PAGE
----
There are approximately 200 species of Moray Eel, most of which are exclusively marine although a small number inhabit brackish water and fresh water. Its eyes are small and vision limited, so the eel relies on a sophisticated sense of smell to detect prey, which consists primarily of cephalopods and crustacea. They possess one long dorsal fin that extends from the neck to the anal fin, allowing smooth propulsion through the water. Snake-like in appearance, with wide mouths full of misshapen teeth, the Moray Eel looks ferocious but is in fact a shy, mostly solitary creature living most of its life in burrows and caves.

For some species, the only regular companions are cleaner shrimp, which live in a symbiotic relationship with the eel. The shrimp congregate in teams called a ‘cleaning station’ and move across the whole body of the eel – including inside the mouth – removing parasites and dead skin, which is their food. This cleaning ensures good health for the eel, so both species benefit.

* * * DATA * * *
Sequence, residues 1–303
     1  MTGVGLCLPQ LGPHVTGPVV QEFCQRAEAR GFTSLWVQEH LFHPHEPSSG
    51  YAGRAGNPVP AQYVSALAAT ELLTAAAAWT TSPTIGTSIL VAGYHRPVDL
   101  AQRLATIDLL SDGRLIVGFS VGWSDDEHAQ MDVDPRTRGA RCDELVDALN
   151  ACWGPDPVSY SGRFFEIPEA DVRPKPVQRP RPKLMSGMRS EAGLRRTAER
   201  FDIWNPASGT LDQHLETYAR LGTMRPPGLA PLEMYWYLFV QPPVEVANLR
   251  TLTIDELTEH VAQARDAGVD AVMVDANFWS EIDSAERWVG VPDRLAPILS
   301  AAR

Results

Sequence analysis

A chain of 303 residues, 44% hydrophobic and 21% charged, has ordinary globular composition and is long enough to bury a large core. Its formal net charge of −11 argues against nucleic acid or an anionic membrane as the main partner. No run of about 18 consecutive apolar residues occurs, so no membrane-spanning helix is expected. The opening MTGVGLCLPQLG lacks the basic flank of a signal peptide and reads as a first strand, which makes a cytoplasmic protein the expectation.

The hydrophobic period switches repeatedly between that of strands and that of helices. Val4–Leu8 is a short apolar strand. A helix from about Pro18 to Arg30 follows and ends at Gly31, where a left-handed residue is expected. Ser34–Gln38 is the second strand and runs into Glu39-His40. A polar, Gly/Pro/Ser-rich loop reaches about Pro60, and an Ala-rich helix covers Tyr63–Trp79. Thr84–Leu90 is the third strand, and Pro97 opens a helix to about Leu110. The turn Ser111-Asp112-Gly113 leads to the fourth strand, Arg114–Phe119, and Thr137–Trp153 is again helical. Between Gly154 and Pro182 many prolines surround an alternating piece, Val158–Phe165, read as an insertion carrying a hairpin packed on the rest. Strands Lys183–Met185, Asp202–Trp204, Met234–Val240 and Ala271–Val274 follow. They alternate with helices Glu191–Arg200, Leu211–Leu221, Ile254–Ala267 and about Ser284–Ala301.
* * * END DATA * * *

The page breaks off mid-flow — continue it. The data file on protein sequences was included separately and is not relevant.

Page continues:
Above: segment from the film Coral Sea Dreaming showing Cleaner Shrimp at work. How many different kinds of shrimp can you see ?

Humans need the services of other humans to keep them healthy, like hair-dressers, dentists and surgeons. For the Moray Eel, the cleaner shrimp is most vital. All marine animals need to be cleaned of parasites and dead skin so they don’t succumb to disease. The cleaner shrimp will even enter the gaping mouth of the eel to do its job properly!